Study Finds Rising Life Expectancy for South African HIV Patients
Analyzing life expectancy data from over 101,000 people in KwaZulu-Natal, South Africa, Harvard School of Public Health professor Till W. Bärnighausen and his coworkers have documented one of the largest increases in a region’s life expectancy in history. Their findings were reported in the scholarly journal “Science” and published online last Friday.
The researchers found that life expectancy in the KwaZulu-Natal area has risen steeply, from 49.2 years in 2004 to 60.5 years in 2011. Those years span the period when antiretroviral therapy, a program of treatment also known as ART that is targeted at suppressing the progression of the human immunodeficiency virus, became available through public clinics in the region following a period of at least three years when life expectancy had been steadily falling.
Bärnighausen, an associate professor of Global Health at the School of Public Health, said the only other times when researchers have “observed such rapid increases [in life expectancy] were after the influenza epidemic of 1918 or when the plague disappeared in Europe.”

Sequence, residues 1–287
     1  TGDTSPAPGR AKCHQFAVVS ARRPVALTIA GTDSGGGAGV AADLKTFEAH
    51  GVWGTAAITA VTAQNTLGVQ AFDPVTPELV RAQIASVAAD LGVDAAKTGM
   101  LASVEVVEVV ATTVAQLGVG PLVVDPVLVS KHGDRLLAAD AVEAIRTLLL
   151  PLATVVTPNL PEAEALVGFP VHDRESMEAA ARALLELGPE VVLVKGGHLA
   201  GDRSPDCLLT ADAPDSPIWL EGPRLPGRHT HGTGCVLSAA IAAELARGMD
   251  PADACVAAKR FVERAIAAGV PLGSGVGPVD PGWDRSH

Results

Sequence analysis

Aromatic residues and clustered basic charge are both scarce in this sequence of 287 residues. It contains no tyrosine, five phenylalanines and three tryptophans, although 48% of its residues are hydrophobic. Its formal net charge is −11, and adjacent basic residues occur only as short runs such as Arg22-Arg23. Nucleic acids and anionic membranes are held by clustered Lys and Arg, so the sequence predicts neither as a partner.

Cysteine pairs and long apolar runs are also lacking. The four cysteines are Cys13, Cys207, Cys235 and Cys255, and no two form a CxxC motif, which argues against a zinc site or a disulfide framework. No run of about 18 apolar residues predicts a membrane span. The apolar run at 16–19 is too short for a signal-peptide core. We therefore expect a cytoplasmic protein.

In 2003, the South African region had a 22 percent rate of HIV infection among its inhabitants, which Bärnighausen called “already extremely high.” But from 2003 to 2011, the portion of infected individuals rose to 30 percent.
“It’s good news that the prevalence is increasing,” said Bärnighausen, because even though there are more carriers of the virus, the higher rate of infection implies that “people who are HIV infected are now living longer.”
As the length of life increases in one age group, he said, the percentage of people who are infected with HIV also grows.
Bärnighausen said he thinks this study could have important political implications on the funding for HIV relief throughout all of Sub-Saharan Africa, where countries like Swaziland and Lesotho have national HIV infection rates of above 20 percent.
“Such evidence is valuable because it is proof that these efforts are having the impact that we couldn’t have hoped they would have,” Bärnighausen said. “Its one of the most worthwhile investments we can make in health at this point in time.”